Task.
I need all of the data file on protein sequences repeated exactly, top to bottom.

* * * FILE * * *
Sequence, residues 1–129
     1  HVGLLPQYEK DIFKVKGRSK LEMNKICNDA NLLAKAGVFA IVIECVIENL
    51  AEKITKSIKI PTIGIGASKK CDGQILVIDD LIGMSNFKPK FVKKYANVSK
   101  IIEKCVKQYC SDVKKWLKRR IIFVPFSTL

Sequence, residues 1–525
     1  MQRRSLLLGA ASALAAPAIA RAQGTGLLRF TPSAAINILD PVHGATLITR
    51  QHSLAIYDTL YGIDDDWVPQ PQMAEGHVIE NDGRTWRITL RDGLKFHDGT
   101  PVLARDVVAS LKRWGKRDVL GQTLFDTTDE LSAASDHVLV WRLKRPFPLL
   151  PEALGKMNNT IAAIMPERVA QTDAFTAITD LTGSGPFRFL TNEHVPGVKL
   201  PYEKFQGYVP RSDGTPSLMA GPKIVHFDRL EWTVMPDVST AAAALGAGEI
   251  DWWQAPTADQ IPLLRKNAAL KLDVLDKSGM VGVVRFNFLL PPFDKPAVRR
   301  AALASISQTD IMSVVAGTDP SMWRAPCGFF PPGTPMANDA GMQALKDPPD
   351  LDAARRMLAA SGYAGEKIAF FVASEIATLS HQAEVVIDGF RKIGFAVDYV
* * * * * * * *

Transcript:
Sequence, residues 1–129
     1  HVGLLPQYEK DIFKVKGRSK LEMNKICNDA NLLAKAGVFA IVIECVIENL
    51  AEKITKSIKI PTIGIGASKK CDGQILVIDD LIGMSNFKPK FVKKYANVSK
   101  IIEKCVKQYC SDVKKWLKRR IIFVPFSTL

Sequence, residues 1–525
     1  MQRRSLLLGA ASALAAPAIA RAQGTGLLRF TPSAAINILD PVHGATLITR
    51  QHSLAIYDTL YGIDDDWVPQ PQMAEGHVIE NDGRTWRITL RDGLKFHDGT
   101  PVLARDVVAS LKRWGKRDVL GQTLFDTTDE LSAASDHVLV WRLKRPFPLL
   151  PEALGKMNNT IAAIMPERVA QTDAFTAITD LTGSGPFRFL TNEHVPGVKL
   201  PYEKFQGYVP RSDGTPSLMA GPKIVHFDRL EWTVMPDVST AAAALGAGEI
   251  DWWQAPTADQ IPLLRKNAAL KLDVLDKSGM VGVVRFNFLL PPFDKPAVRR
   301  AALASISQTD IMSVVAGTDP SMWRAPCGFF PPGTPMANDA GMQALKDPPD
   351  LDAARRMLAA SGYAGEKIAF FVASEIATLS HQAEVVIDGF RKIGFAVDYV